As one public health crisis globally unfolds, another is brewing in Virginia: a coming wave of mass homelessness. Currently, nearly 40% of Virginia households can’t afford their rent. That means some 384,000 families in the commonwealth face the risk of eviction. Over the next four months alone, Virginia courts are likely to hear 259,000 new eviction cases.
As a practicing pediatrician, I see and hear everyday how essential housing is to my patients’ good health. Even in the absence of a pandemic, children experiencing homelessness are significantly more likely to experience mental health challenges, toxic stress, food insecurity, slower cognitive development and lower educational attainment than their housed peers. Under normal circumstances, I worry about my patients’ housing status. The COVID-19 pandemic has made my concerns all the more acute.
Since COVID-19 appeared in the United States, my colleagues and I have cautioned patients to stay at home, to shelter in place and to observe physical distancing guidelines. But how can we ask our patients to heed our advice when they have no place to go? When they might be among the unlucky 40% who could be out on the streets in the coming months?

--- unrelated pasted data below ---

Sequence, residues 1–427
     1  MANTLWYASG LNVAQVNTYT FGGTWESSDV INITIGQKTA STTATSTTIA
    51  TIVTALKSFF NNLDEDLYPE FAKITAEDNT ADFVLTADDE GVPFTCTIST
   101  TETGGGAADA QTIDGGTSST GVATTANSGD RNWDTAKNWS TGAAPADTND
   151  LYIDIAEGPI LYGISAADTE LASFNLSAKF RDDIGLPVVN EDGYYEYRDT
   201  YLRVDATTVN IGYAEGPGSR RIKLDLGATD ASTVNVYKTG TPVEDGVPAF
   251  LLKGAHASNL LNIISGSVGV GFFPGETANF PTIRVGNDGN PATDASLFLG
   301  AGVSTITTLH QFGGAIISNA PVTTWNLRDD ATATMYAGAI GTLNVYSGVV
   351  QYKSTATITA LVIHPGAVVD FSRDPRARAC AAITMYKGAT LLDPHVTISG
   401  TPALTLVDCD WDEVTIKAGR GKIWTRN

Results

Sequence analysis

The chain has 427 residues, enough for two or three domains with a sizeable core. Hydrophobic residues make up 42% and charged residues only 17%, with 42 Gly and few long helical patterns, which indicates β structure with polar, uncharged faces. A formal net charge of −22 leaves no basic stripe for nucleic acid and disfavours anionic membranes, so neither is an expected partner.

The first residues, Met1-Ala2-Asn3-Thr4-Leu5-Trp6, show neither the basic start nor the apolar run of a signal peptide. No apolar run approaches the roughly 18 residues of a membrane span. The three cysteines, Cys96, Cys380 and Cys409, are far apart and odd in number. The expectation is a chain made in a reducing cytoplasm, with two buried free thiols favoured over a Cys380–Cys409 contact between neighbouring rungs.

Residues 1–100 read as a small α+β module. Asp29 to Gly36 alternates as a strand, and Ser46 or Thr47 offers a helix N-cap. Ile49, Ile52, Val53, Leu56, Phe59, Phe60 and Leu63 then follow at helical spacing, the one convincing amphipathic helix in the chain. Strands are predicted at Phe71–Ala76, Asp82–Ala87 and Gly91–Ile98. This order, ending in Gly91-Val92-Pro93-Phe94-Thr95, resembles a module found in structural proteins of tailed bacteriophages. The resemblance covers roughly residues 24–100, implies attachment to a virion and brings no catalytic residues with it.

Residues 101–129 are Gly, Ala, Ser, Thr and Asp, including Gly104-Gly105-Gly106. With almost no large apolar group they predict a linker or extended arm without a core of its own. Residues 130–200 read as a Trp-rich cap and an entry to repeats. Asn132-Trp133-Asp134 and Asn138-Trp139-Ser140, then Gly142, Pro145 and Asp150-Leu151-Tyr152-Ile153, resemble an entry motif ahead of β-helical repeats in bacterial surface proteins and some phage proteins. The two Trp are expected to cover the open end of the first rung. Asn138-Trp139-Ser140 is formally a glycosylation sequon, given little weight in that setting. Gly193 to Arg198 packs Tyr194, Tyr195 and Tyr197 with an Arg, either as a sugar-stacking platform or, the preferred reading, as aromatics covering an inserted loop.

The staggering number of families facing eviction should surprise no one. The pandemic has left many Virginians without a job, without child care and without a safety net. Despite high unemployment numbers, supplemental federal unemployment benefits expired weeks ago. The federal eviction moratorium, which prohibited landlords with federally backed mortgages from evicting tenants for failure to pay rent, also has ended. Virginia’s own eviction moratorium ended in late June. And while the Virginia Supreme Court entered an order attempting to curtail sheriffs from forcing tenants out of their homes, the order does not prohibit the filing of new eviction cases nor judges from issuing final judgments against tenants for their failure to pay rent. The order leaves too many families in the eviction pipeline, living with the unimaginable stress of not knowing when they will lose their home.